The Trials of Mary Todd Lincoln
On May 19, at the end of a three-hour hearing, a Chicago jury declared Mary Todd Lincoln, the widow of President Abraham Lincoln, to be insane. Mrs. Lincoln’s trial came just over ten years after her husband’s assassination, which was the worst of many trying events in a life filled with tragedy. The blows started early: Her mother had died when she was six, to be replaced by a stepmother who had little use for her. A turbulent courtship with the promising but unpolished Lincoln ended with their sudden marriage in 1842, when she was twenty-three. The couple had four children, all sons, three of whom died before reaching adulthood.
Mary Lincoln had always been high-strung, and she did not respond well to the strains of her husband’s legal and political career. In his frequent absences she suffered severe headaches and was prone to screaming fits. Later, during the Civil War, she came under severe criticism for her Southern background and her spending on White House furnishings. Her outbursts and physical ills worsened as the war went on, and when the President was shot while seated by her side, she plunged into black despair.
In 1866 her husband’s former law partner, William Herndon, began spreading unpleasant tales about the couple, including his opinion that Lincoln had never loved her. Spurred by these stories and her continuing eccentricities, the public exhibited increasing bitterness toward Mrs. Lincoln. To escape it, she moved with her youngest surviving son, Tad, first to Germany and then to England. In 1871 they returned to America, where Tad died within two months.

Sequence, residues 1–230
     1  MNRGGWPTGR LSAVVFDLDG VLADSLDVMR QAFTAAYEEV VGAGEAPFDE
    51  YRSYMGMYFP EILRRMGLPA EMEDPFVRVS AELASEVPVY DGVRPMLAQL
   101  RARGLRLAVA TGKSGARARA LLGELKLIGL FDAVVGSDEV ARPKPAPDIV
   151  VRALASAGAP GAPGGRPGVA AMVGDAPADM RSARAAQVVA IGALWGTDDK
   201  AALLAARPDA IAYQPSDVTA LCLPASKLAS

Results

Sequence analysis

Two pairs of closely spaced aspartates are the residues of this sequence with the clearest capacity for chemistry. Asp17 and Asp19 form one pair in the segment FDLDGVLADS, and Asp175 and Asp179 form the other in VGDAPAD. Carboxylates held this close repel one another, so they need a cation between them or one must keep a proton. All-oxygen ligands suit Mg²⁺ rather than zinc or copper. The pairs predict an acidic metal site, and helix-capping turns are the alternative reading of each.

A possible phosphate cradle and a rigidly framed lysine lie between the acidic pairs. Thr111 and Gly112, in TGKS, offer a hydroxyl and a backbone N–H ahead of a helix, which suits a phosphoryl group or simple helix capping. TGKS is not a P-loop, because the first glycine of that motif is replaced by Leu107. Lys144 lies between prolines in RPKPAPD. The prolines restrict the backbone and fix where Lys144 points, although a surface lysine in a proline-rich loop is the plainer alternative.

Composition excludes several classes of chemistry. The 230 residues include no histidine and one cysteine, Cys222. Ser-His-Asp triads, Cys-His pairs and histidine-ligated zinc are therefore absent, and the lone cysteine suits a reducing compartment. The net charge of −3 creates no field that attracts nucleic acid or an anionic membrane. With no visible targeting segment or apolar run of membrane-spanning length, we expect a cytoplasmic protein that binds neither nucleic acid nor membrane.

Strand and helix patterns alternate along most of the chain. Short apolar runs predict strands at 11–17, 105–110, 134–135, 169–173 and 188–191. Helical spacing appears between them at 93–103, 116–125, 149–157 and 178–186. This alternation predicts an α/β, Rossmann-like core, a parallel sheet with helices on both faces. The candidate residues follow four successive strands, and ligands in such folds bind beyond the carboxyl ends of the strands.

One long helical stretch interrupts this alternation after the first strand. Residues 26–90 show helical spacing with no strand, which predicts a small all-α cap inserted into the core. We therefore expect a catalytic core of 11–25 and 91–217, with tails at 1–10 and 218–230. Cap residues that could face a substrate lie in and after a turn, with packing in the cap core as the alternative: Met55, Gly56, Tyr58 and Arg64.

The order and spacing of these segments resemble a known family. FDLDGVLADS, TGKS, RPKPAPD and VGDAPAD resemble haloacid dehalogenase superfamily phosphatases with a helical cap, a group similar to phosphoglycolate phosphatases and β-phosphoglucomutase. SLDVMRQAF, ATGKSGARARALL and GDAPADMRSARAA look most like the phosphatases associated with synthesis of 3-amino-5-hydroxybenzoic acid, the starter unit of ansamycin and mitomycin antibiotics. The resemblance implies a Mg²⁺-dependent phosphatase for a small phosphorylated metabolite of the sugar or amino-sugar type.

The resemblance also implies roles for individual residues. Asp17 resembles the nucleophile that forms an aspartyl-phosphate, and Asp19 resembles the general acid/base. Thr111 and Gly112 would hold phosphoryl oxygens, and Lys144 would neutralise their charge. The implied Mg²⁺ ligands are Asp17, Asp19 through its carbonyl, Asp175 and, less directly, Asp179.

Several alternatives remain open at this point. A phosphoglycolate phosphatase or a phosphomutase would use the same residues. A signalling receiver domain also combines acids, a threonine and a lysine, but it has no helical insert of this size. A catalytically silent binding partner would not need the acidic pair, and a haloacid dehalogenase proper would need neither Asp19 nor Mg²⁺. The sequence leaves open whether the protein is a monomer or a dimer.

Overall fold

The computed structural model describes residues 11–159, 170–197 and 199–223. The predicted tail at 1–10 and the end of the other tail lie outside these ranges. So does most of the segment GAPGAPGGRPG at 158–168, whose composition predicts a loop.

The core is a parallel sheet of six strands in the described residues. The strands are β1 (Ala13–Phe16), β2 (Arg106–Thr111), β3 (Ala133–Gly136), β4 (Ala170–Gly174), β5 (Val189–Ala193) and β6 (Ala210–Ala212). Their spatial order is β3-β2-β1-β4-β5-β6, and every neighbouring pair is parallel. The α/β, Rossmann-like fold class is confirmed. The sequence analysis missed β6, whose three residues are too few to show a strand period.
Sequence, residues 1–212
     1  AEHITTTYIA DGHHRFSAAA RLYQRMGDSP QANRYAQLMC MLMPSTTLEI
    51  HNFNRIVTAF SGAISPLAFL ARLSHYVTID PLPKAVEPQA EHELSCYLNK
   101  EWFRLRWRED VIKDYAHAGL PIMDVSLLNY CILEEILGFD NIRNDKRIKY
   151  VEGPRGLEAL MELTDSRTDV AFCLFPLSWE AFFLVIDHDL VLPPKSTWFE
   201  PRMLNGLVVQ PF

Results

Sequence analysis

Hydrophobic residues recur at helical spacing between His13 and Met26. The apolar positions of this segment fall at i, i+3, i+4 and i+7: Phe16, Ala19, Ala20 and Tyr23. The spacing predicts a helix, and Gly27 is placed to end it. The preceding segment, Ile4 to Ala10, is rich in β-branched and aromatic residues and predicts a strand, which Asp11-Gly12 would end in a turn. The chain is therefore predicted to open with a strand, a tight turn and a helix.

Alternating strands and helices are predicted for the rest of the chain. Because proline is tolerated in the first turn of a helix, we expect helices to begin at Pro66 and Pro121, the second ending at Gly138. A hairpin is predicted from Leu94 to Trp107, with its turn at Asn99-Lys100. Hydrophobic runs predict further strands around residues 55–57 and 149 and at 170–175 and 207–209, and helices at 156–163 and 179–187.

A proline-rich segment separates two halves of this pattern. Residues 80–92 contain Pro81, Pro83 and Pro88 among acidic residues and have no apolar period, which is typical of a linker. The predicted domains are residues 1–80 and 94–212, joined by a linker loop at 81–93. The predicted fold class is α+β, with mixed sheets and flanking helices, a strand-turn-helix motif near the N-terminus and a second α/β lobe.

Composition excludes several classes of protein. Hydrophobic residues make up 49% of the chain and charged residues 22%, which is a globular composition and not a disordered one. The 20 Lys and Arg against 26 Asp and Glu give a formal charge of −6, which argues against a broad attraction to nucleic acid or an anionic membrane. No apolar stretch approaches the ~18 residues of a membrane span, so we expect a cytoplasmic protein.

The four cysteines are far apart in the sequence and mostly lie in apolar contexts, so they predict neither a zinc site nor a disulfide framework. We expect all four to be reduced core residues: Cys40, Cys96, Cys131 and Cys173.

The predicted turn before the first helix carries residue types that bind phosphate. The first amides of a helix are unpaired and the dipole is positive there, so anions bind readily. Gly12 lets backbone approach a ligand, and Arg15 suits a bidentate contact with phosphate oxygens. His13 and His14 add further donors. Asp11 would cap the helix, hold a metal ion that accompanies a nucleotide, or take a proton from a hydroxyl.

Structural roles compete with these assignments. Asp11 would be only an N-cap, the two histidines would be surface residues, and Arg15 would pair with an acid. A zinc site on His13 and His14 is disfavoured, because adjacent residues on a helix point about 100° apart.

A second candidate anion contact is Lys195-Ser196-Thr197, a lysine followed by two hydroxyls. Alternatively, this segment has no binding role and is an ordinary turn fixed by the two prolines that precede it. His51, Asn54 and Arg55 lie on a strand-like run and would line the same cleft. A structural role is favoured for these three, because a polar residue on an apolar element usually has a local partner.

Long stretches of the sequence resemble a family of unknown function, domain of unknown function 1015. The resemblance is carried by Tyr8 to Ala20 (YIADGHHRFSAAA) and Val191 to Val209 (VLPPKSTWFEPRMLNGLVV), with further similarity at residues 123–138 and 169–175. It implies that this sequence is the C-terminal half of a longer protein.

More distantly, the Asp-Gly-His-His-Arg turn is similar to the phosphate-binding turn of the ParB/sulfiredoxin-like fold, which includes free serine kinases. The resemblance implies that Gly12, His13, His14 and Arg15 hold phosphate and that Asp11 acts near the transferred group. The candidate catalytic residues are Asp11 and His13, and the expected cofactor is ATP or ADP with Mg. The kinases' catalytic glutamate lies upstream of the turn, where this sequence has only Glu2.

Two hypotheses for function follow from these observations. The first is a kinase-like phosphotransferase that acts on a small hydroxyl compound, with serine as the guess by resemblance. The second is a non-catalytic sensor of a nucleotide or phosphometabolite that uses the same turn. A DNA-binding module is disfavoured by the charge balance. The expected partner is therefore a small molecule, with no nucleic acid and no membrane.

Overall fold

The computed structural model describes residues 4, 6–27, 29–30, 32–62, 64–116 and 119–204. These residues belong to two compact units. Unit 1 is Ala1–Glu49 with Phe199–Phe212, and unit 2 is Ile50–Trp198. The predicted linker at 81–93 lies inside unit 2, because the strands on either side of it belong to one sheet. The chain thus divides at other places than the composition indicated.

This final tragedy made Mary Lincoln fall completely apart. She sewed into her petticoats more than fifty thousand dollars in securities, which she sometimes cashed in to finance compulsive shopping sprees, buying absurd quantities of goods that she never even looked at afterward. In spite of this, and even though Congress had granted her a pension in 1870, she was convinced that she was poverty-stricken. The hysterical episodes continued as Mrs. Lincoln hallucinated, heard voices, avoided sunshine, feared she was being poisoned, and suffered numerous and baroque delusions. In addition, she was plagued with painful physical woes. Large doses of chloral hydrate, a sedative prescribed by well-meaning doctors, added to her troubles. Eventually her lone surviving son, Robert, had her committed for her own protection.
After she spent four months in a sanitarium in Batavia, Illinois, a wave of public sympathy led to Mrs. Lincoln’s release to the custody of her sister and brother-in-law in Springfield. In June 1876 a second jury ruled her sane. After her release she finally found the compassion that had been missing for so long, but even this turned to ashes. “My former friends will never cease to regard me as a lunatic,” she told her sister. “I feel it in their soothing manner. If I should say the moon is made of green cheese, they would heartily and smilingly agree with me.” She soon fled the stifling environment of her native country to live among strangers in Europe. Four years later, plagued by a variety of physical woes, she returned to Springfield, where in 1882 she was finally laid to rest beside her husband.